These cross-cultural examples demonstrate that the traditional rigid binary gender model in the United States is neither universal nor necessary. While all cultures recognize at least two biological sexes, usually based on genitals visible at birth, and have created at least two gender roles, many cultures go beyond the binary model, offering a third or fourth gender category. Other cultures allow individuals to adopt, without sanctions, a gender role that is not congruent with their biological sex. In short, biology need not be destiny when it comes to gender roles, as we are increasingly discovering in the United States.
Even societies with a binary gender system exhibit enormous variability in the meanings and practices associated with being male or female. Sometimes male-female distinctions pervade virtually all aspects of life, structuring space, work, social life, communication, body decoration, and expressive forms such as music. For instance, both genders may farm, but may have separate fields for “male” and “female” crops and gender-specific crop rituals. Or, the village public space may be spatially segregated with a “men’s house” (a special dwelling only for men, like a “men’s club”) and a “women’s house.” In some societies, such as the Sambia of New Guinea, even when married couples occupy the same house, the space within the house is divided into male and female areas.
Women and men can also have gender-specific religious rituals and deities and use gender-identified tools. There are cases of “male” and “female” foods, rains, and even “languages” (including words, verb forms, pronouns, inflections, and writing systems; one example is the Nu Shu writing system used by some women in parts of China in the twentieth century).Gender ideologies can emphasize differences in character, capacities, and morality, sometimes portraying males and females as “opposites” on a continuum.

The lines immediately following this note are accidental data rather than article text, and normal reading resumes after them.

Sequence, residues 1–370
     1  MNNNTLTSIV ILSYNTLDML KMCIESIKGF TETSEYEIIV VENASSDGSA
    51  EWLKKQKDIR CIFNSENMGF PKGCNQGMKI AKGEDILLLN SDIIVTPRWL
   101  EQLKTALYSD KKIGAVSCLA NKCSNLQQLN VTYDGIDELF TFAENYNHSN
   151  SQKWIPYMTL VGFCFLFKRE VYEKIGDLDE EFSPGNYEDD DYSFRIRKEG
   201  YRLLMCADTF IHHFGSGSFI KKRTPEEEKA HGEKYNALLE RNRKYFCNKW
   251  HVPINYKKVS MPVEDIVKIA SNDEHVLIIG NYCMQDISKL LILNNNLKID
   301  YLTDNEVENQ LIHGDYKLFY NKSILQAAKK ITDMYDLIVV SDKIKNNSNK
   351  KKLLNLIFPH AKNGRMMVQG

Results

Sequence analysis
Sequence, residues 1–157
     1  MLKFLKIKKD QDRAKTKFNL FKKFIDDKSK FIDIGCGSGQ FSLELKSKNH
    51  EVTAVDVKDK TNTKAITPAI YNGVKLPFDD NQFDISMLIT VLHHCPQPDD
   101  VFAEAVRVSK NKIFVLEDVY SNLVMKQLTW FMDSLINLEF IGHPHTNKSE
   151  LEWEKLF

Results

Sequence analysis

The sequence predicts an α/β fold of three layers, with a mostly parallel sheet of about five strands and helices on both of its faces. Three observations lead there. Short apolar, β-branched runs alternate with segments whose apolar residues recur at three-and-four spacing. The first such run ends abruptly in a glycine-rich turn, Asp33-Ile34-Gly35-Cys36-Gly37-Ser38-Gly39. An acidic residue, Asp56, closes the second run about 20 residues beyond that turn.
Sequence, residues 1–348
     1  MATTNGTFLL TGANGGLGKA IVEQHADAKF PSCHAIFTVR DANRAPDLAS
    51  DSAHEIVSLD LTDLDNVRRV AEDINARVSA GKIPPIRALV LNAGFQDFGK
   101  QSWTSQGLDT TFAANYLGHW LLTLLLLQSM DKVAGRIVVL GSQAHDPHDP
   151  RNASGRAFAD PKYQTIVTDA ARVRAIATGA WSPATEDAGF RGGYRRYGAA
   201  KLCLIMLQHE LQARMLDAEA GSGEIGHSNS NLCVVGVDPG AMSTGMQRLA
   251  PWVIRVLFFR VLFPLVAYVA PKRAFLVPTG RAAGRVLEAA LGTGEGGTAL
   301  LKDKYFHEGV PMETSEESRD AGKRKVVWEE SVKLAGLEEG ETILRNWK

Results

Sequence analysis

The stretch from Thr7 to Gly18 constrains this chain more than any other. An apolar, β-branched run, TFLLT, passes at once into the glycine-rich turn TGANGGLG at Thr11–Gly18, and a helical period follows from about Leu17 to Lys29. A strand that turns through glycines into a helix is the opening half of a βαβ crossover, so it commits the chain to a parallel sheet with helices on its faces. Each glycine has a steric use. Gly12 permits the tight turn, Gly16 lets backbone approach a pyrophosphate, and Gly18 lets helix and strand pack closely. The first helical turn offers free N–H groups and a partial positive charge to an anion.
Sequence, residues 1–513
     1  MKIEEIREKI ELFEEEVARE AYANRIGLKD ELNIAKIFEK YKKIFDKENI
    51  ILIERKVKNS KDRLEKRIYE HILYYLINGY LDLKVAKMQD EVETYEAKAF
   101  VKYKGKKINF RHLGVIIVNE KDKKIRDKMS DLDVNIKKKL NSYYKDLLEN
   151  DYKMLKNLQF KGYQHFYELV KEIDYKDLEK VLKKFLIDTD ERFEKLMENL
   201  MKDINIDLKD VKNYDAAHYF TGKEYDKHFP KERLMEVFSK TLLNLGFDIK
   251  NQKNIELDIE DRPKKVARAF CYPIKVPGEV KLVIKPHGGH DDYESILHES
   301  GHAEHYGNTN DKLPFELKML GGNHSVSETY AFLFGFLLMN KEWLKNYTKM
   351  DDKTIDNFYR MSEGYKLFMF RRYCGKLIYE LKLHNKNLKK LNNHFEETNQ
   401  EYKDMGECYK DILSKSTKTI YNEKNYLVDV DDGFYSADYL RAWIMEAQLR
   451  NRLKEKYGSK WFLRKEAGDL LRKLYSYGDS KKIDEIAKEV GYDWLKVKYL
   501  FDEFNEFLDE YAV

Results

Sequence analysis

In societies that are highly segregated by gender, gender relationships sometimes are seen as hostile or oppositional with one of the genders (usually female) viewed as potentially threatening. Female bodily fluids, such as menstrual blood and vaginal secretions, can be dangerous, damaging to men, “impure,” and “polluting,” especially in ritual contexts. In other cases, however, menstrual blood is associated with positive power. A girl’s first menstruation may be celebrated publicly with elaborate community rituals, as among the Bemba in southern Africa, and subsequent monthly flows bring special privileges. Men in some small-scale societies go through ritualized nose-bleeding, sometimes called “male menstruation,” though the meanings are quite complex.
Of course, gender-differentiation is not unique to small-scale societies like the Sambia. Virtually all major world religions have traditionally segregated males and females spatially and “marked” them in other ways. Look at eighteenth- and nineteenth- century churches, which had gender-specific seating; at contemporary Saudi Arabia, Iranian, and conservative Malaysian mosques; and at Orthodox Jewish temples today in Israel and the United States.
"Gender and Sexuality" by Carol C. Mukhopadhyay, San Jose State University and Tami Blumenfield, Yunnan University with Susan Harper, Texas Woman’s University, and Abby Gondek. In Perspectives: An Open Invitation to Cultural Anthropology, 2nd Edition, Society for Anthropology in Community Colleges, 2020, under CC BY-NC 4.0.